DHR will continue to conduct studies and projects that support both preparedness for and responses to rising sea level and extreme weather conditions associated with ongoing climate change. In addition, in response to Executive Order 64, staff will continue to encourage good stewardship of state-owned historic resources DHR is directly by law (10.1-2202.3) to prepare a biennial report on the stewardship of state-owned property that identifies significant resources that are eligible for listing on the VLR, but are not yet listed landmarks. The 2017 Biennial Report on the State Stewardship of Historic Properties presents such a list and quantifies the threat to state-owned historic properties from sea-level rise. Recently-issued Executive Order 64 encourages state agencies, authorities, departments, and institutions of higher learning to pursue listing on the VLR historically significant properties they own or control, especially those related to the history of African Americans, Virginia Indians, and women, to utilize DHR’s state highway marker program to educate the public about Virginia’s rich history, and to prepare preservation plans to guide stewardship of historic properties under their control. Review staff will continue to work with state officials to meet these goals amid increased demands placed upon them by the review of ongoing large, complex infrastructure projects in order to help state agencies become better stewards of lands and buildings. DHR will also continue to ensure inclusiveness in relevant programs to make them both accessible to and representative of the full range of stakeholders and cultural and ethnic influences in Virginia history. Lastly, through our partnership with the Virginia Department of Transportation, DHR will continue to work to utilize technology to enhance the accessibility of information in VCRIS, Virginia’s Cultural Resource Information System.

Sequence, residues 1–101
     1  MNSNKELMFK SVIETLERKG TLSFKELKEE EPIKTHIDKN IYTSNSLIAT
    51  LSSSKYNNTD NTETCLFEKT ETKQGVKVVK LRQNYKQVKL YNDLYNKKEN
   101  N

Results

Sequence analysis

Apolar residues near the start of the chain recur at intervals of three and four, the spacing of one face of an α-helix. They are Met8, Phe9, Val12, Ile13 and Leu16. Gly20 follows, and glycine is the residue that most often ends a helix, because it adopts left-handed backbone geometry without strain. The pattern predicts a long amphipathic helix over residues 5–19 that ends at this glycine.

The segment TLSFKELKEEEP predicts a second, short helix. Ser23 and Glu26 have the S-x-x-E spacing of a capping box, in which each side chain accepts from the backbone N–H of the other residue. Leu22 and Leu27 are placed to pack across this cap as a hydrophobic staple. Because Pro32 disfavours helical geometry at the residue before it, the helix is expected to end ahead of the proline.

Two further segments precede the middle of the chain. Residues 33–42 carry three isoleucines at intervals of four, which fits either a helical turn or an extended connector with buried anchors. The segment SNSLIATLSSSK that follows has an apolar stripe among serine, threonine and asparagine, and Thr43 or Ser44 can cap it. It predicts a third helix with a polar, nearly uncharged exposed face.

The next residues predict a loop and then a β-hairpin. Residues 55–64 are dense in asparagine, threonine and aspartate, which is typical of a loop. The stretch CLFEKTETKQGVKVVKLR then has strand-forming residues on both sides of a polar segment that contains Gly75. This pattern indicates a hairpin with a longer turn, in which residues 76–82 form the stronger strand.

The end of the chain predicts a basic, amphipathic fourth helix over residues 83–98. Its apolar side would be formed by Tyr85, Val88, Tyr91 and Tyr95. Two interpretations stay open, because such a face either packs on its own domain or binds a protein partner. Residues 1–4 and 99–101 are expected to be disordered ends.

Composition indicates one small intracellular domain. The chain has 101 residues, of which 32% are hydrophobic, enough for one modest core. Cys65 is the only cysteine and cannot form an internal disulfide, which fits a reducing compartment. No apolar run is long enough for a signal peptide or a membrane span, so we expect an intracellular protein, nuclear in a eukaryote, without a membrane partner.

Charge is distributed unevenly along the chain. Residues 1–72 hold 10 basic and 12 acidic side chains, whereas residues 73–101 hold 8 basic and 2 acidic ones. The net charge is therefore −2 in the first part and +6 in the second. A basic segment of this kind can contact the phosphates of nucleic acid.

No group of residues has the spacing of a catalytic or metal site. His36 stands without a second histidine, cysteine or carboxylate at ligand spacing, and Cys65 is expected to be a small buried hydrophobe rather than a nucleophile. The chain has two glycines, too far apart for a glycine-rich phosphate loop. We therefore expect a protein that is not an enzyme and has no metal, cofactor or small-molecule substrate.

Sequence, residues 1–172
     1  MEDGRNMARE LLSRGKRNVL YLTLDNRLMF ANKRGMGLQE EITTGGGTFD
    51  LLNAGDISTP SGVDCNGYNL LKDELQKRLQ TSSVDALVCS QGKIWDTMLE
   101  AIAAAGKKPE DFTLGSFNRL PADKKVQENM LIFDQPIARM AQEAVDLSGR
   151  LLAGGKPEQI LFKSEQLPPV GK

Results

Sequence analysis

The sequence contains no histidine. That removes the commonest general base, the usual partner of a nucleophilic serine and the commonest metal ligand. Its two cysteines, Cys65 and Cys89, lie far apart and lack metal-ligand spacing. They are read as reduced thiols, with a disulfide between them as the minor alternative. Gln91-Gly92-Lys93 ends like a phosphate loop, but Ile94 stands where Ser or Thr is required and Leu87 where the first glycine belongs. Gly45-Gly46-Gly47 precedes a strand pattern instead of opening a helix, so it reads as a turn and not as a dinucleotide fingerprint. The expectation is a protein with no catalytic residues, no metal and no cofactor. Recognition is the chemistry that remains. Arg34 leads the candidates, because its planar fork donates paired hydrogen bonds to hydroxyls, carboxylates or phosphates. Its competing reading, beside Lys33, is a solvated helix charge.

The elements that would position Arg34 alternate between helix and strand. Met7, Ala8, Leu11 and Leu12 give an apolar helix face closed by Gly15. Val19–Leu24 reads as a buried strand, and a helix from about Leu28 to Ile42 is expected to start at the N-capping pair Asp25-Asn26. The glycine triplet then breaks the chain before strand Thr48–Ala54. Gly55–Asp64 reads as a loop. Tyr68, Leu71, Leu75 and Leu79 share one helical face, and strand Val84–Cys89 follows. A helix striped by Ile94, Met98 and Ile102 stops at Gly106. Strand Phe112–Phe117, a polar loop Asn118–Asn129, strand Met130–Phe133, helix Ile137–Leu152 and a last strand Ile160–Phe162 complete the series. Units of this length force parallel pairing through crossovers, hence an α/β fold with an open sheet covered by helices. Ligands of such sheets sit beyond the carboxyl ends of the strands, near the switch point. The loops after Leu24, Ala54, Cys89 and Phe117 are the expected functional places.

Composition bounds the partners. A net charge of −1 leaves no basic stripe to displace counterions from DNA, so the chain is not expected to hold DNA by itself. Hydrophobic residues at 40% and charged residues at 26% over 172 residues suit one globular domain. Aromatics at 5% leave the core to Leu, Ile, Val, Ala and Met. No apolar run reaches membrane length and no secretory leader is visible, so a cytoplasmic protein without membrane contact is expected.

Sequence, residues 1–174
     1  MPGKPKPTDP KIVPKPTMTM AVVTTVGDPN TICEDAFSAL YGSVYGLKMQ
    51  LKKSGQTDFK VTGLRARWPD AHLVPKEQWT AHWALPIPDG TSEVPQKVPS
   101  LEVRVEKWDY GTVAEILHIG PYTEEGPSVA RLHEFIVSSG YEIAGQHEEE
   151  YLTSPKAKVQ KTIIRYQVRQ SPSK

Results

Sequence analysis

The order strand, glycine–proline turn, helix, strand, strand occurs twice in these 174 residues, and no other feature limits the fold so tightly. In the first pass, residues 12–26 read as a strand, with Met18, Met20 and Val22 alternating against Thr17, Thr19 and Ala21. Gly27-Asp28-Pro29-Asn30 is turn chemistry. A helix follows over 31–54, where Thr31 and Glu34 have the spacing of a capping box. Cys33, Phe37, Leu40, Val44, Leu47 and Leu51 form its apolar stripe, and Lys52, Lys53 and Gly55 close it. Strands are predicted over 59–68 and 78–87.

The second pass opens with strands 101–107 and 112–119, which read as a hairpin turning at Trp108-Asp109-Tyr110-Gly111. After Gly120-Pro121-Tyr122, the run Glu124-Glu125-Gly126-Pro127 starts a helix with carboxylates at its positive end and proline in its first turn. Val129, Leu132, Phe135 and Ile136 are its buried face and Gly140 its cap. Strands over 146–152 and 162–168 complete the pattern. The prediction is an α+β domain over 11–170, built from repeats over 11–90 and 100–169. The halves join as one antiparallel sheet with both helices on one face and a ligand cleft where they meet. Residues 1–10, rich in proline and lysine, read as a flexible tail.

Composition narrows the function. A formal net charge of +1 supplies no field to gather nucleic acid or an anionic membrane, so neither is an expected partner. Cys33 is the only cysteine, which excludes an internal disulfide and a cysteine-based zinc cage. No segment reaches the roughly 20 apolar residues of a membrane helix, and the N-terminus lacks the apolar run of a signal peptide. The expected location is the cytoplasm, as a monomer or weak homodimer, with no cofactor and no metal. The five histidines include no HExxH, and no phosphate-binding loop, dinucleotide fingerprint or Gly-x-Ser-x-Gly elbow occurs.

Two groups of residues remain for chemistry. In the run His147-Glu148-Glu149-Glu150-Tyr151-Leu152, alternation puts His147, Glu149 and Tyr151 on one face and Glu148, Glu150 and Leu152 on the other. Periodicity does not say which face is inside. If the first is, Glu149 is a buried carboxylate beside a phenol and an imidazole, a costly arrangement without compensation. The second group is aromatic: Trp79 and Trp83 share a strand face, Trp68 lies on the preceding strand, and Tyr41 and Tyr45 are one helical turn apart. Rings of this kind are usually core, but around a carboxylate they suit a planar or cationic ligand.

Major IT investments underway include:
- Development of an easement database to track and analyze property information from throughout the life of the easement, with special application for use in the field to record present condition of properties.